The second of Eddings’ sins is that his characterization of particular characters and societies is somewhat racist (see as examples The Desert Storm by Peter V Brett, Feist, Canavan, Williams). This too is another problem that is somewhat pandemic in fantasy and sci-fi in general. It’s as if the at some point they all decided that world creation was boring and the simplistic and reductionist portrayals of existing Earth cultures would suffice. A lot of stereotypes abound and at times it isn’t a problem and times even helpful but often enough you cringe at the depiction and wonder aloud how they thought that was a good idea. This moves beyond moves beyond books and to movies and TV too, case in point Michael Bay with the ghetto rides in Transformers 3, Chuck Lorre and Raj in The Big Bang Theory and George Lucas with Jar Jar Binks in Star War, Disney and the market scene in Aladdin etc., the list is endless. Truthfully, you get over it, at times you don’t even notice and many times it adds value and makes things simpler but often too it leaves you with a bad taste in your mouth.
I’d wanted to avoid bringing George R.R. Martin into this but it couldn’t be done. His problem is similar to that of Hobb, the shabby treatment of his character but his is unique because it’s brought not because he hates his characters (I still think hates women though- here and here) but his inability to plot the story means his characters go through tribulations that aren’t really necessary. It also means he keeps using the method of building up a character and then killing them off and starting afresh. I don’t mind the deaths, I actually like a death or two but in the service of good plot development. One person who seems to have handled that rather well is J.K Rowling whose final 3 books were a continuous trip to the boneyard but they all served a purpose. It was often heart wrenching and unbelievable in that it wasn’t expected but the emotion it lent to the story and their influence on what was around them made them great. By the end of the series not only Dumbledore was dead but so too were the whole set of Harry’s parents’ friends- Remus, Sirius, Peter, so too was Snape the guy we all loved to hate but were in awe of at the end, whose whole drive was the death of another character – Lily. Even the death of the Creevy brothers had significance, the sheer waste of it all and was probably the most depressing, to Fred and the rending of a pairing that was complete and special. The fact that the horcruxes required death to be made resulted in death being such a central theme of the Potter Universe yet not one of them was trivialized. In the end, only the death of Voldemort seemed incidental, it had to happen and happened because of all that had occurred. Rowling might have excelled at handling death but the true master class on character development she gave was not on death but rather how she handled Snape. Right from the off he was a character you were expected to loathe and he seemed to give you reason to. He saved Harry from Quill so you gave him some leeway but he remained a prat so you weren’t too keen on him. His obvious loathing of Lupin and Sirius didn’t engender him into our good graces either but Dumbledore trusted him so you let it slide. The discovery that James was a bit of a big head and bullied Snape made you sympathize with him even if you still didn’t like him. But then he killed Dumbledore and nothing could save him from your rage, if we could we would have split the world so we could have our vengeance. And then that last payoff that made everything make sense and we respected him, we wished him back, we were a little in awe and we actually liked him, we could never love him because that ship had long passed but darn it we liked him.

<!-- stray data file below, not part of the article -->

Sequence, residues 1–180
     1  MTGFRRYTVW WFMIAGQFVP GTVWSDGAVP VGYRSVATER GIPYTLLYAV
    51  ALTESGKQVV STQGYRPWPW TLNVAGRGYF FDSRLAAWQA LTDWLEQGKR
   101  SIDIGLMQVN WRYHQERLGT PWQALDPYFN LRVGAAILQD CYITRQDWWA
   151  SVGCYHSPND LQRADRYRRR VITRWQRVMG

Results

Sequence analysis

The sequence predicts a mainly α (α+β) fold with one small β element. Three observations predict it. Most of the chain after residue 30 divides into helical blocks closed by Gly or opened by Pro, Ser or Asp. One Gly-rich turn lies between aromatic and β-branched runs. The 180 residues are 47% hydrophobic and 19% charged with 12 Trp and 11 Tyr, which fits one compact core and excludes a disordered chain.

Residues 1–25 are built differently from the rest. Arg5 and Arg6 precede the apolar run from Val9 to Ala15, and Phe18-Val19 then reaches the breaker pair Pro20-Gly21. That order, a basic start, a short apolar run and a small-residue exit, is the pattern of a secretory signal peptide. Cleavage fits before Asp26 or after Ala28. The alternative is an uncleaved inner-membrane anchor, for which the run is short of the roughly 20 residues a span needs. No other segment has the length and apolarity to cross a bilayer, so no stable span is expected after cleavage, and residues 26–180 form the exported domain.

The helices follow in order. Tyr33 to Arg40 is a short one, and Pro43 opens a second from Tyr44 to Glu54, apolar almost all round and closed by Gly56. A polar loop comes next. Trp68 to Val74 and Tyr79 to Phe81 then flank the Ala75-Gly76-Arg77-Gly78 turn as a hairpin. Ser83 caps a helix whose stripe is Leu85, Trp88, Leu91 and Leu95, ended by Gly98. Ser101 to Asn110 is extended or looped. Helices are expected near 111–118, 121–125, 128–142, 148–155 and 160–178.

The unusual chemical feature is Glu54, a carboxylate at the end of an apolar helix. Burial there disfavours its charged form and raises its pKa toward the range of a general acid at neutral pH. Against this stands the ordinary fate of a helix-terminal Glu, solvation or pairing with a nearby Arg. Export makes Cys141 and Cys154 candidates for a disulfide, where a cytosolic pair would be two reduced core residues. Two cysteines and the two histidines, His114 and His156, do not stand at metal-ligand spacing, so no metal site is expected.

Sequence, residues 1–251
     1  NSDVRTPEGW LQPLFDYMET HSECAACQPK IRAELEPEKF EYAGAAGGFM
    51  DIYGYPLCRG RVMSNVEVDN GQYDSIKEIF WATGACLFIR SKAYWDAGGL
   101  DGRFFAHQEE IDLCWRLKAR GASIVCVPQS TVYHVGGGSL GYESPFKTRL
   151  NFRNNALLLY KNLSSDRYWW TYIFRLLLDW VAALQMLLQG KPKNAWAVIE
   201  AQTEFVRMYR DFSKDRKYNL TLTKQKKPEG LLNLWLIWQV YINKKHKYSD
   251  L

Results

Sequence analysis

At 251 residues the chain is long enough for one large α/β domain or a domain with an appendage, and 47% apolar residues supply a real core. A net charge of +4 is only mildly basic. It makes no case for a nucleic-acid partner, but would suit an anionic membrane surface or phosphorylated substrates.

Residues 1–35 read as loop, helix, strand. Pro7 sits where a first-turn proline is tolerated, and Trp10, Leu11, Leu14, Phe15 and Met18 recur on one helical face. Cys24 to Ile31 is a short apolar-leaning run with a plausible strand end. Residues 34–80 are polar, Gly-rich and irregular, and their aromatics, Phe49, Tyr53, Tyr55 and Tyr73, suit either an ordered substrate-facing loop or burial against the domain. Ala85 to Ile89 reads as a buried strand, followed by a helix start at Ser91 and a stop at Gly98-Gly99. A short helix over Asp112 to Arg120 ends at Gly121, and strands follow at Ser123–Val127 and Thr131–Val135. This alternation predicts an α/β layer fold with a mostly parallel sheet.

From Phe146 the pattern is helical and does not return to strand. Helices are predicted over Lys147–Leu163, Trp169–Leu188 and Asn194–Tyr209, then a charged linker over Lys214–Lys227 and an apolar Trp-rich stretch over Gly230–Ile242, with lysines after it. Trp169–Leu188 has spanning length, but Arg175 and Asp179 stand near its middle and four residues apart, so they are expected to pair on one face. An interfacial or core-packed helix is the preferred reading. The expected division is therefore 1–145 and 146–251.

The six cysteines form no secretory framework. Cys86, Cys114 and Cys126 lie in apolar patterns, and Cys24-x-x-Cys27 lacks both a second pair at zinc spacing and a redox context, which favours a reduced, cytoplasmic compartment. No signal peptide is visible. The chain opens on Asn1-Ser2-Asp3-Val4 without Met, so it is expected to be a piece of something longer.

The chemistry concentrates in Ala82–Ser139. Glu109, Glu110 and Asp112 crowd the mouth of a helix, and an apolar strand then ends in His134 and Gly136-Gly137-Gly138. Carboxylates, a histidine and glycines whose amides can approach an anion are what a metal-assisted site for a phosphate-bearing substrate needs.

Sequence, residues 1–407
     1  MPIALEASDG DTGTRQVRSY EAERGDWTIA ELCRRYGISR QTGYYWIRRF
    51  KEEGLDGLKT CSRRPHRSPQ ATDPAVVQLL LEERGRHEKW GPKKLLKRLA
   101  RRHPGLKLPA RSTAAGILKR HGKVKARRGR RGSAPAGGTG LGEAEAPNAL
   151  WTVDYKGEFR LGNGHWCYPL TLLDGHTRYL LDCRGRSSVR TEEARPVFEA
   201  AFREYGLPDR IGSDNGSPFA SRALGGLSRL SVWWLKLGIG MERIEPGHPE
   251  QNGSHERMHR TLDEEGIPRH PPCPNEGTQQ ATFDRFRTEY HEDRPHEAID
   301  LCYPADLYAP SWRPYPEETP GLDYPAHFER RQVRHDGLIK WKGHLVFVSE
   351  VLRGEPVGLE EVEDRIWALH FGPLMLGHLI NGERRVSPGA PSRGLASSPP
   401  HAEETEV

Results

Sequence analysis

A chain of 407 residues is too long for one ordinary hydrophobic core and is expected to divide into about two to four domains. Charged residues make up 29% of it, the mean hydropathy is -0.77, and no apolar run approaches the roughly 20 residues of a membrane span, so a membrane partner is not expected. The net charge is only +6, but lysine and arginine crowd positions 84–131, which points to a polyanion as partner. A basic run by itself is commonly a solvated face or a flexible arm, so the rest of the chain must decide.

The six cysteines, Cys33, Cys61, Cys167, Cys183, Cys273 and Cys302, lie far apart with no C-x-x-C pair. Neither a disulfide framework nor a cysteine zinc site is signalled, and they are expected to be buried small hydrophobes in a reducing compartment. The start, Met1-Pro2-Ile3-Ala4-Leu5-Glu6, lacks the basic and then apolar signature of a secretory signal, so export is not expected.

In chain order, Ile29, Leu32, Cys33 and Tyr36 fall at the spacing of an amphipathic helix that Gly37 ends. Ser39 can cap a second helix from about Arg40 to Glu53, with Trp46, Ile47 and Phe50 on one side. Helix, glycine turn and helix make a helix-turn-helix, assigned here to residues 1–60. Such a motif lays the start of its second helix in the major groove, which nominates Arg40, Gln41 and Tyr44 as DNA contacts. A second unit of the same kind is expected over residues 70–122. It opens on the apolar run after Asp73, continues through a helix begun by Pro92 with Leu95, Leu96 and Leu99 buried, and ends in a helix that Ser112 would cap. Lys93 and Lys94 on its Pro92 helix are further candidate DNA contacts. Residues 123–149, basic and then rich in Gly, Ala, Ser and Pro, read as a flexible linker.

See here for another post on pet peeves in literature and publishing.